The Difference between Thoughts and Voices
- You can't hear thoughts
- Thoughts can be about anything
- You've had thoughts your whole life
- Thoughts don't have a gender
- You can try to focus your thoughts on one topic (e.g. when problem solving a task)
- You can hear voices
- It is someone else's voice
- There is typically a gender of the voice
- The volume of the voice can be loud or soft
- The voices seem to mostly tell you to do specific things / make commands / be judgmental
- Voices can be suggestive
- Voices can narrate what you're doing
- It feels like you can't control when the voices come or the content of what they're saying
- You didn't always have voices, but they started later in life
Related to this last bullet point, it seems important to connect the onset of the voices with mental illness. First, not everyone is fully aware or willing to admit mental illness, but talking about the onset of voices is a good way to get your foot in the door. It also seems useful to draw parallels between when the voices started and stress levels at the time. This provides further evidence that the voices are part of a mental illness and not "real." In session discussion should also focus on how much patients believe the content of the voices and how compelled they feel to act on the voice's commands. I always make it a point to emphasize that one could have a voice without believing it was true or needed to be acted upon.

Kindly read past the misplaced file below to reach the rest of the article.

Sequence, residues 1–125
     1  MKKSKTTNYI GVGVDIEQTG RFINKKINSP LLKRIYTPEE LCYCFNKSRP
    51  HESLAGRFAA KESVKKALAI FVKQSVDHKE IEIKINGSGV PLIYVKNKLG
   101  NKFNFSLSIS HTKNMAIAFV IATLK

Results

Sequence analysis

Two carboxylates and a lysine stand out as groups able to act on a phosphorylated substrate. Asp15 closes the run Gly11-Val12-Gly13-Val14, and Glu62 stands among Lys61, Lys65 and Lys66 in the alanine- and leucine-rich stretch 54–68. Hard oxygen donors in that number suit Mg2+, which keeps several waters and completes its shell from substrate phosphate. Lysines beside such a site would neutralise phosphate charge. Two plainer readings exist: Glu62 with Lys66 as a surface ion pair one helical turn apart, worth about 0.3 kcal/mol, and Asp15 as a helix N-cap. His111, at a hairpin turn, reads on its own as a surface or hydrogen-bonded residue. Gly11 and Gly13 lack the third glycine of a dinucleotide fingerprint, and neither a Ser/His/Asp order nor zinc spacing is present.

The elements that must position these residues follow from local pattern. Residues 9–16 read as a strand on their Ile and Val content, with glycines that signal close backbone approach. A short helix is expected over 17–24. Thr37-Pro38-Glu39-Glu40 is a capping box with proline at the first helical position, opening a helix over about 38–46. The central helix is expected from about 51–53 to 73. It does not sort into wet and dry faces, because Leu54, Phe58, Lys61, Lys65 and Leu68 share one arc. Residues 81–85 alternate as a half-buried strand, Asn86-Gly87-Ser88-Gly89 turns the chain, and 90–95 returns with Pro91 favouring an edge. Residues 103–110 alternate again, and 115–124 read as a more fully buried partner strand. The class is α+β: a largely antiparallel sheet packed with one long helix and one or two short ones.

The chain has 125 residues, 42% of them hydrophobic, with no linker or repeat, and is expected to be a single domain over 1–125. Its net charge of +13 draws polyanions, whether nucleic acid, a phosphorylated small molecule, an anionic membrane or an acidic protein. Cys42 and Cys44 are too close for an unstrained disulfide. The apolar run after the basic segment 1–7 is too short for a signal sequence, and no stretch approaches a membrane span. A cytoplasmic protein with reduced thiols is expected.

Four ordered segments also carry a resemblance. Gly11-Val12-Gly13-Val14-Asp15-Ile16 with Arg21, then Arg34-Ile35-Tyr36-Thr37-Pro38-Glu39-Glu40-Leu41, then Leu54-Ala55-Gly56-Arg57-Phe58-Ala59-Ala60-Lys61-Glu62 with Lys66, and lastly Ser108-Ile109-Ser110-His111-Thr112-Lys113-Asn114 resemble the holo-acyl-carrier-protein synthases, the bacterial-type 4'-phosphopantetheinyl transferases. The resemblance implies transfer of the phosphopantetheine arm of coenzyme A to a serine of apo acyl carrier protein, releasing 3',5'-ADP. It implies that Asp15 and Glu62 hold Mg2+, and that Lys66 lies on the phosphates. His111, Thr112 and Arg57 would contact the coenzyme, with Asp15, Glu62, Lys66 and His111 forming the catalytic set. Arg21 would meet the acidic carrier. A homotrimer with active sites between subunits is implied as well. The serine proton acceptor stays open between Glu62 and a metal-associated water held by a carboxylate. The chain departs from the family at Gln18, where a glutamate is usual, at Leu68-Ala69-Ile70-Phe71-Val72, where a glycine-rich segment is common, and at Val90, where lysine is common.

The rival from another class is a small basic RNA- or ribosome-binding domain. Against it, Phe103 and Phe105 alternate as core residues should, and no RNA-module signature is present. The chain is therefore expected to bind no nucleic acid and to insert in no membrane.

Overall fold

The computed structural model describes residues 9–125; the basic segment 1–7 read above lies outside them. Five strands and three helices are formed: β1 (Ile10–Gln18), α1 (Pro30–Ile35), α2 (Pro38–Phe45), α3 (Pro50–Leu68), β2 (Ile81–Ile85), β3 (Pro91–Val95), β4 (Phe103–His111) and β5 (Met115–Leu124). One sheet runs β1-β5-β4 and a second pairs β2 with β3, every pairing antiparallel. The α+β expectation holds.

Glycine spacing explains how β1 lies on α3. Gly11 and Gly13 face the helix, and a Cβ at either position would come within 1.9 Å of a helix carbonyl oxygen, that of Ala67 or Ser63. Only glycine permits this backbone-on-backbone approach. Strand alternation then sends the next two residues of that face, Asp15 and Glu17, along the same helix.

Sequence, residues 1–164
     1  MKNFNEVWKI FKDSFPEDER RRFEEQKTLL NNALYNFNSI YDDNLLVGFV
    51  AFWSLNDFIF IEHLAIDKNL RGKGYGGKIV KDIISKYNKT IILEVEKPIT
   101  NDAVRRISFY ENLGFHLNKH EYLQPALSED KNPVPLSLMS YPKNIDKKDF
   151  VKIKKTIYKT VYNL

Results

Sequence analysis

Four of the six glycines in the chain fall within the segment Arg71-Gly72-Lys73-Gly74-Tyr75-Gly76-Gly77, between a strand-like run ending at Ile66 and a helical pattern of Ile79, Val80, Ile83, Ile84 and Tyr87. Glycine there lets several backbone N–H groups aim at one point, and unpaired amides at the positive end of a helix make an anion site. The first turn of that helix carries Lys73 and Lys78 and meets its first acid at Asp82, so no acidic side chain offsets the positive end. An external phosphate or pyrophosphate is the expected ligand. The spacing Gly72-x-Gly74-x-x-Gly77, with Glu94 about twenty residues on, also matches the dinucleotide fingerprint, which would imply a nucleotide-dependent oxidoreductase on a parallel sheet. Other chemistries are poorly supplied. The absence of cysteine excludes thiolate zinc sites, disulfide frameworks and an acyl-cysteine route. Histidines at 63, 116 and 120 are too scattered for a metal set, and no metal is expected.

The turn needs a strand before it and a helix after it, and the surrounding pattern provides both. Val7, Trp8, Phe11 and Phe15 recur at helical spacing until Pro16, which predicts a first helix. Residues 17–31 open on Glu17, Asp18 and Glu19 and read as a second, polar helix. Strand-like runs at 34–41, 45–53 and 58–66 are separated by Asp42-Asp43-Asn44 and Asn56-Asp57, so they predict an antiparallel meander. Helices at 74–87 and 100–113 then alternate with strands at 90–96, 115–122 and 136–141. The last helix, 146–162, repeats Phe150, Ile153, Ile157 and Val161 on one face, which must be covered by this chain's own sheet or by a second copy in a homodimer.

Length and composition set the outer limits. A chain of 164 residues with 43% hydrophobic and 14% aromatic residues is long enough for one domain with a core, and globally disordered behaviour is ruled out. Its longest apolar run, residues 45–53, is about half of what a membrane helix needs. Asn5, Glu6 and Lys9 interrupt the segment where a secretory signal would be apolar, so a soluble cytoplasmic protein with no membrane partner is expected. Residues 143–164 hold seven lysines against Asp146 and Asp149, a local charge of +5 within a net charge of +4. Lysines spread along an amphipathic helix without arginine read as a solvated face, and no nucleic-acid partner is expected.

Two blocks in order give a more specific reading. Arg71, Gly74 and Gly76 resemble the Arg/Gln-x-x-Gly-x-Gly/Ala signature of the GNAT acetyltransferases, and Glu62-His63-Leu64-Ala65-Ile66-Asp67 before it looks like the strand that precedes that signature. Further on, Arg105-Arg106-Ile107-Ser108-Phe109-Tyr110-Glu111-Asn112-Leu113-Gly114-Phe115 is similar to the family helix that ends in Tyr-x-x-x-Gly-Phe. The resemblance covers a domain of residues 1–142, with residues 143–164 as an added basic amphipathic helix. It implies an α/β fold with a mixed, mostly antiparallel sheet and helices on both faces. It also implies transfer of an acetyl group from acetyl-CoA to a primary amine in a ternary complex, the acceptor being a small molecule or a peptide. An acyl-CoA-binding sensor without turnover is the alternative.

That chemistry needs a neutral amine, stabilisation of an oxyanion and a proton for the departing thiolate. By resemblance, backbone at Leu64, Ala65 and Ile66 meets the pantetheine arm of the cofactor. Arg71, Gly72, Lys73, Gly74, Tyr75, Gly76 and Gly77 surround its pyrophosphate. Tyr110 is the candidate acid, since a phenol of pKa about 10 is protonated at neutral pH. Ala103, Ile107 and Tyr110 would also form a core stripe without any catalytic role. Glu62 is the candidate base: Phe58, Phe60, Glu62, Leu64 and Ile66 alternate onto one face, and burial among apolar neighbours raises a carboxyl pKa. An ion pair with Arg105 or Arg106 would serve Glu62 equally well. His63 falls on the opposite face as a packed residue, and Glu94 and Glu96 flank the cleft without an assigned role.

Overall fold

In short, a therapist can teach patients to that voices are part of mental illness, one does not have to believe what the voice is saying, and they don't need to act on a command from a voice.
P.S. If anyone has questions or even some good additions to add to the list, please feel free to leave a comment.